“There are many different diet strategies that claim to promote gut health, and until now it has been very difficult to establish clear causality between various types of diet and their effect on the host’s microbiome,” said led author Andrew Holmes, Associate Professor at the University of Sydney in Australia.
“This is because there are many complex factors at play, including food composition, eating pattern and genetic background,” Holmes said.
In this study, the researchers found that the availability of intestinal nitrogen to microbes in the gut plays a key role in regulating interactions between gut microbes and their host animal.
“This research really lays the groundwork for future modelling by setting out the rules for a general model of how diet shapes the gut ecosystem,” Holmes said.
“The simple explanation is that when we eat in a way that encourages cooperation between ourselves and bacteria we achieve a good microbiome, but when we eat in a way that doesn’t require cooperation this lets bacteria do whatever they want — and mischief can ensue,” Holmes explained.
Despite the huge diversity of gut bacteria, two main response patterns emerged in the study — microbe species either increased or decreased in their abundance depending on the animal’s protein and carbohydrate intake.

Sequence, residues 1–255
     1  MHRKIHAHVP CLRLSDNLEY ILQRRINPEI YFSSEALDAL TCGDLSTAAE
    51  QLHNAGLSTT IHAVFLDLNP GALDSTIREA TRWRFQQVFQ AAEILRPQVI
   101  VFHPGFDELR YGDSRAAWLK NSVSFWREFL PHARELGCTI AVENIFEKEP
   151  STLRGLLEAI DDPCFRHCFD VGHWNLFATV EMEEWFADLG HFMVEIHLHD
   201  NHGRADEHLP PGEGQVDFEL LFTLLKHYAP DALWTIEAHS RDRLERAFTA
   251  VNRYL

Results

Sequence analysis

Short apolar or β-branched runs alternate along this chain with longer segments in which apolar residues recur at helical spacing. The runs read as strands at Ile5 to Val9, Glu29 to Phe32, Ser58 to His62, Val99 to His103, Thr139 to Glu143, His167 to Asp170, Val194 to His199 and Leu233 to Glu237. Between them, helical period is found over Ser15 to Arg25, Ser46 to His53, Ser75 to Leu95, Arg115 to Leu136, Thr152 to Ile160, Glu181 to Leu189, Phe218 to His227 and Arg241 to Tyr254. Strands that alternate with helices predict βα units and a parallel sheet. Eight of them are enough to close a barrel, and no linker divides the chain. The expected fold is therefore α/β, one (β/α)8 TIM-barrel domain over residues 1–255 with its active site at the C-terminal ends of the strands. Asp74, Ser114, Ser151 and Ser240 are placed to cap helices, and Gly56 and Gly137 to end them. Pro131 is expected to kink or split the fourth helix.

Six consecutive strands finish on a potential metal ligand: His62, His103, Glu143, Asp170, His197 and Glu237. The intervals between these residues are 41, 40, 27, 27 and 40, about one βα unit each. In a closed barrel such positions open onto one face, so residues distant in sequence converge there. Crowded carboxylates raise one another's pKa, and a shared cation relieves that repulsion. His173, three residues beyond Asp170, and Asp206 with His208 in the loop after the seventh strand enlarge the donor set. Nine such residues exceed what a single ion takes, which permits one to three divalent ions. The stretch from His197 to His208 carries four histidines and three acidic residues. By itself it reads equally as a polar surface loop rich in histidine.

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“The largest nutrient requirements for our gut bacteria are carbon and nitrogen in the foods we eat. As carbohydrates contain no nitrogen but protein does, the bacterial community response to the host animal’s diet is strongly affected by this diets’ protein-carbohydrate ratio,” Holmes said.
“The fact that this same pattern was seen across almost all groups of gut bacteria indicates that the makeup of the microbial ecosystem is fundamentally shaped by a need to access nitrogen in the intestinal environment,” Holmes added.
This new research — published in the journal Cell Metabolism — is the latest in a series stemming from a study in which 25 different diets composed of different amounts of protein, carbohydrates and fat were systematically varied in 858 mice.
The researchers said their new model suggests that while high-carbohydrate diets were the most likely to support positive interactions in the microbiome, such benefits were relative to the protein intake of the host animal.
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